Coastal Conservation Association wins IGFA Conservation Award
The International Game Fish Association has named Coastal Conservation Association as a recipient of its prestigious Conservation Award, established to honor organizations that have made significant and outstanding contributions to the cause of conservation in the freshwater, saltwater and fly fishing communities.
“This award is for the tens of thousands of CCA volunteers who have worked so hard over the last 30 years to advance the cause of proper marine resource conservation,” said David Cummins, CCA president. “All of them contribute their time, money and expertise because they see a need and have the ability to fill it. That sort of work is its own reward, but it is also gratifying when a group like IGFA recognizes those achievements.”
CCA was founded in 1977 by a handful of anglers in Texas frustrated at the demise of once-robust redfish populations at the hands of commercial netters. CCA’s spirit of conservation and stewardship started with the "Save the Redfish" campaign and soon swept across the entire Gulf Coast. By 1985, Gulf-state chapters had formed from Texas to Florida. By decade’s end, state chapters were founded through the mid-Atlantic region, and by the early ‘90s, development of the New England state chapters was completed to address state, national and international issues as a united Coastal Conservation Association.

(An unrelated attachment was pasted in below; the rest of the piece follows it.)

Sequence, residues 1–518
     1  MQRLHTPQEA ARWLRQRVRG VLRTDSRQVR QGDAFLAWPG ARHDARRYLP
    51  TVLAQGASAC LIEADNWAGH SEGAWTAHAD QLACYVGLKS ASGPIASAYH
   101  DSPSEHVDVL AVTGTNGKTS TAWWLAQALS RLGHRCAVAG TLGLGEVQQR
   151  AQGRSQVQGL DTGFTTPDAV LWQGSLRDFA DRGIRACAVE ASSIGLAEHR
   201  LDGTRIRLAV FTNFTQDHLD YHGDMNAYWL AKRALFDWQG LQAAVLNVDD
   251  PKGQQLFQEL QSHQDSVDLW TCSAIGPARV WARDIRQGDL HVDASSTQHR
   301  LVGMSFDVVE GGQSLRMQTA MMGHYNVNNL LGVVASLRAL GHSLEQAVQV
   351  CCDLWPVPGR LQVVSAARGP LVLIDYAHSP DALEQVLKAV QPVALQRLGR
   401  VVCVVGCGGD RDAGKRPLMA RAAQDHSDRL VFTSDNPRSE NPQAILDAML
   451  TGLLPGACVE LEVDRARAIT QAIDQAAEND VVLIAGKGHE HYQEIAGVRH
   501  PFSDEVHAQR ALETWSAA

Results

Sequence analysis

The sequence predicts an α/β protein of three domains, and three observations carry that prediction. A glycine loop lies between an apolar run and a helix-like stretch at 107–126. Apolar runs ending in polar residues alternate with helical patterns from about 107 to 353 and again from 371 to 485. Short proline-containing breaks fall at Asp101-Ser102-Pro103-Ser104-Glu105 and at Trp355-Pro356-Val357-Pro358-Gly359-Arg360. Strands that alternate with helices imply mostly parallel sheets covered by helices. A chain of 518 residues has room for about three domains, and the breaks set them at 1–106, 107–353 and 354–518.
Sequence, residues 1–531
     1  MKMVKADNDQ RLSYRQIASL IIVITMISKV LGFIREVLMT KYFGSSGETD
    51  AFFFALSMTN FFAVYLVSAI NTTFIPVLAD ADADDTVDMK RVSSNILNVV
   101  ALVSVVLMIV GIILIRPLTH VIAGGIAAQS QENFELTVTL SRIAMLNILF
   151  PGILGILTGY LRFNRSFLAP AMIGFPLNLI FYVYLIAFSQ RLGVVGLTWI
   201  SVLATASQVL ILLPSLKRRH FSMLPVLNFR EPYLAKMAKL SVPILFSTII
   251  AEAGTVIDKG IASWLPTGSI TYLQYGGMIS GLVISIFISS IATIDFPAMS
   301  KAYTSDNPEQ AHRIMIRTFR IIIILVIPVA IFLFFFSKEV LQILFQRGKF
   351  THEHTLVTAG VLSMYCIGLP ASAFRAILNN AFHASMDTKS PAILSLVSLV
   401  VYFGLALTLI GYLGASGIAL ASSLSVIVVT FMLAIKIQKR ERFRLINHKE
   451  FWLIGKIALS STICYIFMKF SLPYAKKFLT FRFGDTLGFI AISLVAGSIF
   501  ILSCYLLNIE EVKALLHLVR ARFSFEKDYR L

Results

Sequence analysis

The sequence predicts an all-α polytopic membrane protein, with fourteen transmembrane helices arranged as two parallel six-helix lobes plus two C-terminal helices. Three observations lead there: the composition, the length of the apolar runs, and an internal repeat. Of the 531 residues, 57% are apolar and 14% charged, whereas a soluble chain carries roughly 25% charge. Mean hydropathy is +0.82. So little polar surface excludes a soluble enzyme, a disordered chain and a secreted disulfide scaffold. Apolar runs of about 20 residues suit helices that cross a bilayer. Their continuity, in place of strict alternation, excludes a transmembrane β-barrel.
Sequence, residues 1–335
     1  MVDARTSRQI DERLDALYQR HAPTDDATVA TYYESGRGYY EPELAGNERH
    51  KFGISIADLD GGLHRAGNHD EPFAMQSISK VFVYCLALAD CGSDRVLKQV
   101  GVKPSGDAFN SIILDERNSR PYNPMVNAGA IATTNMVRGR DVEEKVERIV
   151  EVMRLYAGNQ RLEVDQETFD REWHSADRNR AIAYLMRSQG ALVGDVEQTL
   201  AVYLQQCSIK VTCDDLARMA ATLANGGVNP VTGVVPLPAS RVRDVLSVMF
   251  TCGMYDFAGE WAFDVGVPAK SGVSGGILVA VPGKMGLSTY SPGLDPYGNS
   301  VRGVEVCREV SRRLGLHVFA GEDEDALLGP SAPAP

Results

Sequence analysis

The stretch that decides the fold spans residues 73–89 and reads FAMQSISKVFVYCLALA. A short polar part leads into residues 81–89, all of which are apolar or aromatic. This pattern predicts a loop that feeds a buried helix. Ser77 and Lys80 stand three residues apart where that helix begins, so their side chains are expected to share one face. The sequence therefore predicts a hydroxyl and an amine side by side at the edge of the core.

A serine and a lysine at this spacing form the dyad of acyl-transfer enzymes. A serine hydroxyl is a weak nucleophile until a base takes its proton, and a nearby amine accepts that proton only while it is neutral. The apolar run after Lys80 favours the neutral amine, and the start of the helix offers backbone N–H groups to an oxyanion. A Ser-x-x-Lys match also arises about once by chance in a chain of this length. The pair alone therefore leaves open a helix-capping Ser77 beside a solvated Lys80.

“Everything CCA has been able to achieve over the past 30 years is due to its grassroots organization of dedicated volunteers,” said Pat Murray, CCA Vice President and Director of Conservation. “All of our members are all drawn by the same desire to make a positive difference and they never let an occasional setback keep them down. It is their creativity, commitment and perseverance that have allowed CCA to become a force for marine resource conservation.”
Among other notable achievements in its history, CCA volunteers have helped establish game fish status for billfish and redfish, enacted net bans in four states, and outlawed many destructive gear types. CCA is also recognized by fisheries managers as instrumental in the recovery of redfish, king mackerel, Spanish mackerel, speckled trout, striped bass, Gulf grouper, and Atlantic weakfish.
The IGFA Conservation Award will be presented at IGFA’s 23rd International Auction and Banquet in Palm Beach, Florida, on Friday, Jan. 26.
CCA is the largest marine resource conservation group of its kind in the nation. With more than 90,000 members in 15 state chapters, CCA has been active in state, national and international fisheries management issues since 1977. Visit www.JoinCCA.org for more information.
CONTACT: Ted Venker, 1-800-201-FISH